How to Get Yourself Off of a Renter’s Blacklist

Share:

How to Get Yourself Off of a Renter’s Blacklist

Oh My Apartment · Aug 11, 2008

There all sorts of ways to wind up on a renter’s blacklist–a list of tenants that most landlords will refuse to rent to under most circumstances. It can be tough to get your name off that sort of list, even if you didn’t do anything wrong. But it isn’t impossible.

When people talk about a blacklist, they’re usually talking about the U.D. Registry, or one of several other tenant blacklist firms. Landlords will report issues with tenants to a blacklist, allowing other landlords to easily reject potentially undesirable tenants. The problem with this system is that it’s very easy for a landlord to submit information that is incorrect, or at least a little biased. You can dispute information listed with the U.D. Registry and other agencies in writing. If the registry does nothing to help you, you have the option to sue.

That’s not your only option, though. You can always go back to the landlord who originally reported you to the blacklist. If a mistake was made, you can often straighten things out with a letter from the landlord. If there really was a problem, you may need to make some sort of amends–even if the situation wasn’t your fault.

Norman Rabek, a long-time landlord, has been known to rent to tenants he’s previously blacklisted: “I have rented to people that I’ve blacklisted before, but only if I know that the circumstances of their lives have changed: they are no longer with a self-destructive significant other, they are no longer self-destructive themselves, they have paid for any past due rent or damages and matured and gotten a job.”

If you know that a previous landlord might have added you to a blacklist, or will offer a poor reference for you, being upfront about it during the rental application process can help you. Explain the matter to your prospective landlord. You still won’t have the best chance, but you will improve your odds.

In many municipalities, landlords are not allowed to use a blacklist. New York City is one of those towns, according to landlord and real estate expert Laura Milkowski: “We do credit, background and reference checks so any nasty items on [a renter] will come up, but there isn’t a blacklist.” If you feel that you’ve been blacklisted despite laws against such practices in your area, contact your local housing authority or local tenants association.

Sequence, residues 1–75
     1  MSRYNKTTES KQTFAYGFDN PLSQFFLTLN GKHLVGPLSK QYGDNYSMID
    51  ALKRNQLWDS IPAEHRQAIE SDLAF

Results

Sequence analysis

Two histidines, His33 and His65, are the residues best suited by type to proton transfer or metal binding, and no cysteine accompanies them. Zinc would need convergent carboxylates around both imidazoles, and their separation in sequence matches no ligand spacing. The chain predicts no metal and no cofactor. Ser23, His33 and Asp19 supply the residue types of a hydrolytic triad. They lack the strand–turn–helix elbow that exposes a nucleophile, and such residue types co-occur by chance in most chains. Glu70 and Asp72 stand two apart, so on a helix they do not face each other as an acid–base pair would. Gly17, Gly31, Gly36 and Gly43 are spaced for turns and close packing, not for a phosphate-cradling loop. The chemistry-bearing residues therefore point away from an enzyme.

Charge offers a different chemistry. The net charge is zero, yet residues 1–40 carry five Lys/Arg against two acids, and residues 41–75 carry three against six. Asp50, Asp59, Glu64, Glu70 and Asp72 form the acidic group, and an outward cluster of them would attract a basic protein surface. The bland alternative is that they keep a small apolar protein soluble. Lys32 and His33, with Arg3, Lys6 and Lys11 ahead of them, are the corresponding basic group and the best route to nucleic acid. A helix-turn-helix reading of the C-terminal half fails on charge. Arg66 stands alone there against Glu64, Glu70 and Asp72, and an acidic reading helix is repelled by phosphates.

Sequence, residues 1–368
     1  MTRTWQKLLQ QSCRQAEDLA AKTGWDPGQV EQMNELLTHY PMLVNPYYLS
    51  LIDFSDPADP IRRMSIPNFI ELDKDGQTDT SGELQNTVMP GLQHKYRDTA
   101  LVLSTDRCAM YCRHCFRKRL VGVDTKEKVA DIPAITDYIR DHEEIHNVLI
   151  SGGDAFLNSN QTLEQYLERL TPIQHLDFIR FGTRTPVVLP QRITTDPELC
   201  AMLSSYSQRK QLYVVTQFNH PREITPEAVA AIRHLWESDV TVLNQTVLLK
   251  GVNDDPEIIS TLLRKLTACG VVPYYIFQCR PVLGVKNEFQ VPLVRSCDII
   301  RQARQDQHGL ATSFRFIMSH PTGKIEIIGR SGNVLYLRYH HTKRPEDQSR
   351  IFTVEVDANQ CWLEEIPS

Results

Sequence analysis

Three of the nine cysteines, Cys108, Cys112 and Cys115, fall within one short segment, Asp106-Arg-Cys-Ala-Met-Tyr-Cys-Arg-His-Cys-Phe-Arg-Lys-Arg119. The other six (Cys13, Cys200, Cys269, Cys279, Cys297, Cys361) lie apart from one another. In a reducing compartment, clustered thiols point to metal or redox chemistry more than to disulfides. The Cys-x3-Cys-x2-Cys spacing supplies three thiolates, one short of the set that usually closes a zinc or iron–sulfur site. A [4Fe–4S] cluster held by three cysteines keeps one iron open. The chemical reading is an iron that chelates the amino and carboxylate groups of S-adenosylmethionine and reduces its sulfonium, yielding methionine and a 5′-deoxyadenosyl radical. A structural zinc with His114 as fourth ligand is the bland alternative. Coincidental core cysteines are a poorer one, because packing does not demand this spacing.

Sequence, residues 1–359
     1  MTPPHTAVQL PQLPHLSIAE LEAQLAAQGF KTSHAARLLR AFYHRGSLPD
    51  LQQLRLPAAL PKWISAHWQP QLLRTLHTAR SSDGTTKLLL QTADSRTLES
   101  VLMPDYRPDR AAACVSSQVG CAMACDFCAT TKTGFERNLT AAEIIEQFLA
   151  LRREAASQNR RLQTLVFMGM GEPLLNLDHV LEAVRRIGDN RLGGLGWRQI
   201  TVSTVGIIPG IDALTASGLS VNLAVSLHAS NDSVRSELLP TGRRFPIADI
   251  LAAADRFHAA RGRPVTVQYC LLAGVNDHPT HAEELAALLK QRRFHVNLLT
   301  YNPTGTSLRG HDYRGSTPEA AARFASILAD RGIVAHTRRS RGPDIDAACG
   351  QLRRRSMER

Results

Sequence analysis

You might also like:

As the summer heat intensifies, it’s crucial for apartment residents to take necessary precautions to ensure their safety and comfort. Here are some essential tips to help you stay cool and safe during the hot summer months. 1. Keep Your Apartment Cool 2. Stay Hydrated and Sun Protected 3. Protect Against Heat-Related Illnesses 4. Prepare […]

Jessica Lee

 · May 30, 2024

|
image

On ApartmentRatings, real renters have the ability to rate and review their apartment communities based on their experience touring and or living in the communities. ApartmentRatings offers renters the ability to see what life is like at a community through a report card grade style format called epIQ. Every month we highlight apartment communities whose […]

Jessica Lee

 · May 28, 2024

|
image

On ApartmentRatings, real renters have the ability to rate and review their apartment communities based on their experience touring and or living in the communities. ApartmentRatings offers renters the ability to see what life is like at a community through a report card grade style format called epIQ. Every month we highlight apartment communities whose […]

Jessica Lee

 · May 2, 2024

|
image